Modern Tire Dealer

OCT 2018

Magazine for the professional tire industry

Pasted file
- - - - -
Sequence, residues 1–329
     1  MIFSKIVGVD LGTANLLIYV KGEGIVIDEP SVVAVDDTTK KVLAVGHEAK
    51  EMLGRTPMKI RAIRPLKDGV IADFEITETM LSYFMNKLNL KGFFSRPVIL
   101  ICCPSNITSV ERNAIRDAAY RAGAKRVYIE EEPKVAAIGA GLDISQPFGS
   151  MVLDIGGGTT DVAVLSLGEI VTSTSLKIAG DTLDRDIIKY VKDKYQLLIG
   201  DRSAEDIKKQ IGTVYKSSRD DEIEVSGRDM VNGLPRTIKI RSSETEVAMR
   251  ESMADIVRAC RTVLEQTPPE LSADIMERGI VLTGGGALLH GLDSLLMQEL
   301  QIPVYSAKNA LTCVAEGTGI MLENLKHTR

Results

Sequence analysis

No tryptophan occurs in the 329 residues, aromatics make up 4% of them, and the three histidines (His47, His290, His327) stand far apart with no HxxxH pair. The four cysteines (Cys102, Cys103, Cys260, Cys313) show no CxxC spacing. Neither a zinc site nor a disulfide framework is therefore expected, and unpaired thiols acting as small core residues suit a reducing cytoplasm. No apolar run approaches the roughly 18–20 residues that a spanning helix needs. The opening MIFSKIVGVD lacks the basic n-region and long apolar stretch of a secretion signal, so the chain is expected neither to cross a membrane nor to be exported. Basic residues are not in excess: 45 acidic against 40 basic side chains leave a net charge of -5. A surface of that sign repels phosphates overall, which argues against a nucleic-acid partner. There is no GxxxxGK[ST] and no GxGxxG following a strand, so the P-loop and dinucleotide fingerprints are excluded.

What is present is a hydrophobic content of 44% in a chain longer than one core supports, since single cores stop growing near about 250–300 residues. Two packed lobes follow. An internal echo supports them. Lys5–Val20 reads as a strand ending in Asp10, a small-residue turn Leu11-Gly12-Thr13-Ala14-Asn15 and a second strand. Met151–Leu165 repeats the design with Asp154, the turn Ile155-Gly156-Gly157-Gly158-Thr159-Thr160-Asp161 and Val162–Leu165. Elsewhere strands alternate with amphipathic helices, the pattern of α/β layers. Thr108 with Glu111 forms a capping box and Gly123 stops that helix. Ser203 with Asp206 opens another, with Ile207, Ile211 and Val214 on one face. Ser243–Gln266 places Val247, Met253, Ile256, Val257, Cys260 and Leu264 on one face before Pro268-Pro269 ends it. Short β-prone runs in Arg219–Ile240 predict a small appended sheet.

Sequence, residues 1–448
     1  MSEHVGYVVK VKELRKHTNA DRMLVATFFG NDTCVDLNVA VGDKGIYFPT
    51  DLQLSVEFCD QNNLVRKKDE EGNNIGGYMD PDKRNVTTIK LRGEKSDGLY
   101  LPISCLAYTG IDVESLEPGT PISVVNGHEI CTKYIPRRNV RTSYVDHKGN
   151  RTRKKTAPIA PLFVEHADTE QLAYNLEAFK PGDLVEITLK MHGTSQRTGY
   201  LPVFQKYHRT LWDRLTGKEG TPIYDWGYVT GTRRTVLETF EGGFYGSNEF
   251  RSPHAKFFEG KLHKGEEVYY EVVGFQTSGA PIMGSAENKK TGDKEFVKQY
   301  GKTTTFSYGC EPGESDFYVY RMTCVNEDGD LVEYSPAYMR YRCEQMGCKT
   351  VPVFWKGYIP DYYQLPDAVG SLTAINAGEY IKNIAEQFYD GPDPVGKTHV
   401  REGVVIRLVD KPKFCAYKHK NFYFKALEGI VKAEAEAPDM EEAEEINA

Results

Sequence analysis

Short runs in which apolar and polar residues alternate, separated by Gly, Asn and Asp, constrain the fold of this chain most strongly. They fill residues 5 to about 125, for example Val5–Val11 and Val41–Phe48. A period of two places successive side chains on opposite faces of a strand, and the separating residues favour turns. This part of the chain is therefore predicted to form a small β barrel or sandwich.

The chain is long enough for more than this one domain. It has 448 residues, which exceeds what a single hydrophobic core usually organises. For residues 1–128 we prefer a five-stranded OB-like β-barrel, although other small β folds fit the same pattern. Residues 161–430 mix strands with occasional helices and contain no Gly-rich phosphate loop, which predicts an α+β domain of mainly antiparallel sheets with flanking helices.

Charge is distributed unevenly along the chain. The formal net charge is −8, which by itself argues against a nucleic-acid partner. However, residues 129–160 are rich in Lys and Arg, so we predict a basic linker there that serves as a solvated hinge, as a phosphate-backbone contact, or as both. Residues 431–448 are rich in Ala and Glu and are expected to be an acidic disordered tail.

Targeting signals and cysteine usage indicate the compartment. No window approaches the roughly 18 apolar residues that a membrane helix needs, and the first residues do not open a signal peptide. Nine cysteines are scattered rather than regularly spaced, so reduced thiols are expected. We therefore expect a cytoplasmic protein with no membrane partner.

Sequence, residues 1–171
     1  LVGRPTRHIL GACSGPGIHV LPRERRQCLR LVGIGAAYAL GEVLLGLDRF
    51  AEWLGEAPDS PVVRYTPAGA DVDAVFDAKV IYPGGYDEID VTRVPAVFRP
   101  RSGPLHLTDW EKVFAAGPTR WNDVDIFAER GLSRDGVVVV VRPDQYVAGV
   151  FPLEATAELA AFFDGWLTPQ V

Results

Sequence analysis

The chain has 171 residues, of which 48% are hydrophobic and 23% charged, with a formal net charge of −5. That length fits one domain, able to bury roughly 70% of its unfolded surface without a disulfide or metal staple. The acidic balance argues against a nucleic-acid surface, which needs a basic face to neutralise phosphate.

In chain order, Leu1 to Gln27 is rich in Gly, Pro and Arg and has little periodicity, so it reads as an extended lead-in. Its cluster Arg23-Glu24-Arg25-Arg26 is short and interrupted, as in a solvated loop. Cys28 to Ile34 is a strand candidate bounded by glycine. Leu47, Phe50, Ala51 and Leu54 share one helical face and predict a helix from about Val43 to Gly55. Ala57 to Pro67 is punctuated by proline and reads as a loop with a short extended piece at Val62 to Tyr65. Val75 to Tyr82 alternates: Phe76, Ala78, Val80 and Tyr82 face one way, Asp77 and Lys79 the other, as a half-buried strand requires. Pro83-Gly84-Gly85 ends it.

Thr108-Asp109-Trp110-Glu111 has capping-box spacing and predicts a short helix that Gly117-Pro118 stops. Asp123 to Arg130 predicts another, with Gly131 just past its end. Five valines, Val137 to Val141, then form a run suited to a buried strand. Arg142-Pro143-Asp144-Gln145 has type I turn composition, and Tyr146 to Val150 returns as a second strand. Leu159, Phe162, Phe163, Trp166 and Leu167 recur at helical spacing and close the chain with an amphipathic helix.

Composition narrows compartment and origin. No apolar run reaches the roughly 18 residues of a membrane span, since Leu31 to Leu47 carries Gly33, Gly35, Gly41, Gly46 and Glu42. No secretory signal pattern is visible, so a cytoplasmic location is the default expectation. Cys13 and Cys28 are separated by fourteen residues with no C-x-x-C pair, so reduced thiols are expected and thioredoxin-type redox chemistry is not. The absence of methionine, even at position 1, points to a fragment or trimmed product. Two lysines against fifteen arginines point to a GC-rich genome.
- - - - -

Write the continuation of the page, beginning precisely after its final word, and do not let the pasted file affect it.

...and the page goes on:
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M T D O c t o b e r 2 0 1 8 4 E d i t o r i a l B oth the U.S. Tire Manufacturers Association (USTMA) and Tire Industry Association (TIA) support legisla- tion specifically designed to prevent the installation of unsafe used tires on motor vehicles. at begs the question, "Who wouldn't?" Why would anyone support anything that is unsafe? Daredevils and adrenaline junkies aside, no one would. at leads to my next question: Why do we need legislation essentially codifying the obvious? What's next, legislation banning people from playing with fire or extremely sharp knives? To date, only three states have passed bills that prohibit the installation or sale of unsafe used tires: Maryland in 2013, Colorado in 2014 and New Jersey in 2017. Arizona (HB2160), Indiana (HB1174), Ohio (SB223), Tennessee (HB1986 and SB1985) and Texas (HB2774) have similar legislation in various stages of development. Almost all the bills similarly define when a used tire is unsafe, using language draed by USTMA and TIA working together. For example, here's what the latest bill, Ohio SB223, defines as unsafe: • worn-out tires with tread depths of under 2/32 inch; • tires with damage that exposes inner components such as body plies or steel belts; • tires with inner liner damage; • tires with improper repairs; • damaged tires treated with tire sealants but not subsequently repaired to industry standards; • tires missing their U.S. Department of Transportation Identification Number (TIN). "Safety is the tire manufacturing industry's number one priority," said Anne Forristall Luke, CEO and president of USTMA. "Tire manufacturers share the concern of federal and state highway safety officials, safety advocates, the automotive industry and others that our nation must do more to mitigate the risk of vehicle crashes. "at is why USTMA advocates state legislation to prohibit the installation of unsafe used tires. is legislation targets specific used tires that exhibit well-defined criteria that would make a tire unsafe." USTMA has taken point on rallying state lawmakers around unsafe used tire legislation. TIA has "assisted indirectly with grassroots efforts by mobilizing local dealers and state and regional associations," said Roy Littlefield IV, TIA's director of government affairs. "TIA opposes the sale or installation of unsafe used tires. Used tires that exhibit out-of-service conditions should not be sold or installed. We consider the condition to be a factor." In truth, USTMA isn't comfortable with the sale of any used passenger or light truck tires. "Once a used tire is resold as a replacement, it's a risky proposition for motorists," says USTMA on its website. USTMA explains that there is risk associated with the instal- lation of used tires "that have uncertain or unknown history." In addition, not all tire damage is outwardly visible. When I asked Luke if there is any way to make sure a used tire is safe, here is what she told me. "All new tires sold in the U.S. must meet stringent federal safety standards. Once a tire has been mounted on a vehicle and driven, it's considered a used tire, and it may be resold with virtually no restrictions. "ere are many questions consumers should ask when purchasing used tires: How was it previously used? Was it stored properly? Was it safely maintained? Was it ever repaired? Every variable has a major impact on driver safety. Because damaged or improperly maintained tires are outright dangerous to all drivers, USTMA is focused on prohibiting the installation of tires that meet certain conditions known to be unsafe." USTMA's definition of an unsafe used tire is more in-depth than the statutory language it promotes at the state level. In Tire Information Service Bulletin Vol. 45, No. 5, it does not recommend installing a used consumer tire if it exhibits any of 16 specific characteristics. Luke is also a realist. "Millions of used tires would still enter the market every year under any USTMA-supported proposal," she said. As part of its Certified Automotive Tire Service Training Program, TIA teaches tire dealers how to analyze tire conditions for optimum performance. e same inspection steps can be used to help determine whether a used tire is unfit for sale. With the definition of an unsafe used tire pretty well established, plus training available on how to inspect a tire, I still wish we would try and stay away from government intervention on this issue. Governance and micro-management go hand-in-hand all too oen. At least neither USTMA nor TIA is pursuing unsafe used tire regulations on the federal level, choosing instead to let states decide for themselves. Independent tire dealers have been successfully selling used tires to people in need for more than 100 years. ey know what to do. And if they need help, TIA and the USTMA can guide them. ■ If you have any questions or comments, please email me at Unsafe used tire laws IF WE KNOW WHAT TO AVOID, WHY DO WE NEED LEGISLATION? Bob Ulrich By

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